Nov 25

The ROI on Team Morale

Setting upRecently, the SiteGoals team participated (and won!) a pumpkin-decorating contest sponsored by Vitamin T. We love a good challenge and the idea of competing against some of our local design agency friends sounded like the perfect side project.

We decided to have a couple of nights where we stayed late and worked on the project since business hours were obviously not an option. After gathering the supplies and materials needed, we were on our way. You can check the finished product in our previous blog post. While I was on the ground, carving away at a cardboard city scape, I got to thinking how grateful I was to be 1)  in this company and 2) on this team. Now, you might say that by being in the company you’re on the team, but that’s not necessarily true. You can clock in and clock out without any other investments in your company besides input and more importantly output (a paycheck). It’s stuff like this little project that really get people engaged and feeling like a team.

Then I started to think about Korin, the tree whispererthis as a strategic move through the eyes of an agency owner. I’m not saying I looked at team-building exercises like a big plot for productivity but frankly, the more I thought about the more I realised it actually can be in the long run.

I want to use this pumpkin example. Let’s say this company spent $200 on materials for this project. Then everyone staying late had dinner on the company tab. And then lunch again to celebrate the big win. So let’s say it all came out to $300. That’s $300 plus time spent planning and executing (over 100 hours for the team). Add time spent pushing it out on social channels and time for clean up. This turned into a major project, but one with a pretty good ROI, when it comes to morale. So how did we stretch this team ‘investment’ so successfully?

  1. See each team member outside of their professional skills. When building this project, we turned to each team member for something different. I learned Cody likes to work with circuit boards and lasers, Amanda has an eye for geometric design and super skills with an exacto knife, and Korin has a way with painting details. This isn’t to say you have to lead an art project for every team-building activity, but ask people what drives their life outside of work and then plan an activity around it.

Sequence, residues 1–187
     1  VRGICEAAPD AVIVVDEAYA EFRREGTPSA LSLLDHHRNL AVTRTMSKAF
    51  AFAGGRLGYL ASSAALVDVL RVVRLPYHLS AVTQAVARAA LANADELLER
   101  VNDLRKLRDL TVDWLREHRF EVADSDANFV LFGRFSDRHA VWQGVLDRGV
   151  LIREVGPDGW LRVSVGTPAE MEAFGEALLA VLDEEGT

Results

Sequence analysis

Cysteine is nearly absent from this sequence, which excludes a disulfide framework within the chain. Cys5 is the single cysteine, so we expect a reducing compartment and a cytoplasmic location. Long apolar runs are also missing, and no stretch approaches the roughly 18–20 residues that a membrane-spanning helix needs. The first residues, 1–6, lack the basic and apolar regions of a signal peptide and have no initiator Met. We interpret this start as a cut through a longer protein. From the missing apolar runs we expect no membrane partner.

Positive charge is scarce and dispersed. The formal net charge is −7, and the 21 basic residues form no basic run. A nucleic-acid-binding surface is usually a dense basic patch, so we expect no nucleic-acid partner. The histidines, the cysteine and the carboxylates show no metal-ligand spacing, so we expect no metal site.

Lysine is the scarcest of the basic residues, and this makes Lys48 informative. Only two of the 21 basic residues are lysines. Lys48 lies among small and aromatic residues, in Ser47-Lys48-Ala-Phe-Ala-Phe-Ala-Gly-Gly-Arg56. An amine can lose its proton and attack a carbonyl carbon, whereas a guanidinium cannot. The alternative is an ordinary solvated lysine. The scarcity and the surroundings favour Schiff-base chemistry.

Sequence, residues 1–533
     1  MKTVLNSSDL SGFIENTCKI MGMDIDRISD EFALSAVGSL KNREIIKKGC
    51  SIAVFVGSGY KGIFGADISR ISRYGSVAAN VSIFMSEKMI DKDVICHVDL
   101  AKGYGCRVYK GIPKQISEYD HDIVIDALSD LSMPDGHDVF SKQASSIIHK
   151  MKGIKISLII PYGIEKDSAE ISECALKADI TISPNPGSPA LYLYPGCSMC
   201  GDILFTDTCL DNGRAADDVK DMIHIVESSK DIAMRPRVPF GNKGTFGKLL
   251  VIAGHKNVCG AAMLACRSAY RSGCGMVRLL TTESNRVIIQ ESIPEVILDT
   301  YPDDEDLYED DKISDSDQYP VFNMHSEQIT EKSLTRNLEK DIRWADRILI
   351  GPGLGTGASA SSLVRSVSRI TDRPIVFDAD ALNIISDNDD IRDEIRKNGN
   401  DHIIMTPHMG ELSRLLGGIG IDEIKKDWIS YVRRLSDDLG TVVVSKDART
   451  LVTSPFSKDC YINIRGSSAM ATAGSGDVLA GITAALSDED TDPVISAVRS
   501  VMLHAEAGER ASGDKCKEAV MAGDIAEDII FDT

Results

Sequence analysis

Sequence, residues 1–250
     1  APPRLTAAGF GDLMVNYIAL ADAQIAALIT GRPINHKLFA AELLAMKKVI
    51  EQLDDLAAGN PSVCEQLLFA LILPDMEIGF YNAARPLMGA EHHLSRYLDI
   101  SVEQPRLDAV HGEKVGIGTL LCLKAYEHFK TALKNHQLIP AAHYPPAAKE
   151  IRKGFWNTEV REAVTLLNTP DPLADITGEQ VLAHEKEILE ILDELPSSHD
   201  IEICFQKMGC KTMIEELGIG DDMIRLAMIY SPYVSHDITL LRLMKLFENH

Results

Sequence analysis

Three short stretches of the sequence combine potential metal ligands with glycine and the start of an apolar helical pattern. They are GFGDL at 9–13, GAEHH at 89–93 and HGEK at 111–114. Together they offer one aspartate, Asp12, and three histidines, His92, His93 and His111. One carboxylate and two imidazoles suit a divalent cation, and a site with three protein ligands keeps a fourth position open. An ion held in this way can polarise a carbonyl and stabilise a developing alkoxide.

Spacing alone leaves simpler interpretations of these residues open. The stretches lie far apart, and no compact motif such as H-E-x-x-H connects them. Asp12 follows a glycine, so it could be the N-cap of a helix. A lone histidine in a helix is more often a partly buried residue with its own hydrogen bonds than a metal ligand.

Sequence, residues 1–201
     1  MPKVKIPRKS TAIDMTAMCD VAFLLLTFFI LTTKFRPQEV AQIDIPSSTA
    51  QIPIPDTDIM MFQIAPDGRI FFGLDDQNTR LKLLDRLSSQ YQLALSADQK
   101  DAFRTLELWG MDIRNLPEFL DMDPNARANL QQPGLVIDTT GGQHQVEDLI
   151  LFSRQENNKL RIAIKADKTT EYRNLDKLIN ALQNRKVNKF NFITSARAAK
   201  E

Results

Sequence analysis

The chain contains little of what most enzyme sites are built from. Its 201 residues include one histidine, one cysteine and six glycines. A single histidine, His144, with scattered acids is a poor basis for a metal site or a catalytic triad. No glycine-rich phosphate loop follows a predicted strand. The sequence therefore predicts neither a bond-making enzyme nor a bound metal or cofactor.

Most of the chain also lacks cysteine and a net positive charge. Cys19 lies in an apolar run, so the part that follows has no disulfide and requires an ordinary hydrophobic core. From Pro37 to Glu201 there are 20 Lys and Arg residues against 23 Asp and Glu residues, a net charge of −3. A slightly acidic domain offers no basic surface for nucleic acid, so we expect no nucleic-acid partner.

2. Make team building mandatory not demanding. We all had to help in building this pumpkin. Not everyone stayed late, but everyone had a hand in the project in some way. When we all helped, we all had an investment in it. The contest became more exciting. It seems silly. However, if you let people exclude themselves they will feel excluded even when they are the ones doing the excluding.
  3. Don’t let it get in the way of actual business. This is a ‘duh’ point but still worth mentioning. You can’t run a movie theater disguised as an office. If your playing time gets in the way of your paying time, it’s time to reel it in.
  4. Give your team members ownership. As a business owner, you know no one has or will have a higher stake in the company than you. This is why it’s important to celebrate finishing large projects together. Showing gratitude with a company lunch or simple thank you goes a long way.

So what’s it worth? Well, we won the contest. We won because we all had a stake in it. 20141016_170318We were proud to post it. As a team of 10 or so going up against companies with 50+ employees, our votes meant little. We had to rally hundreds of our friends and social media followers with us. However, even if we hadn’t won, we still had enormous pride in what we accomplished together. That pumpkin will be an emblem for how successful we can be as team. It’s even scored a central spot in this year’s SiteGoals Holiday Card (stay tuned for that masterpiece!) That may be the cheesiest sentence I’ve ever written but I don’t care… Long live the SiteGoals Omnipumpkin!

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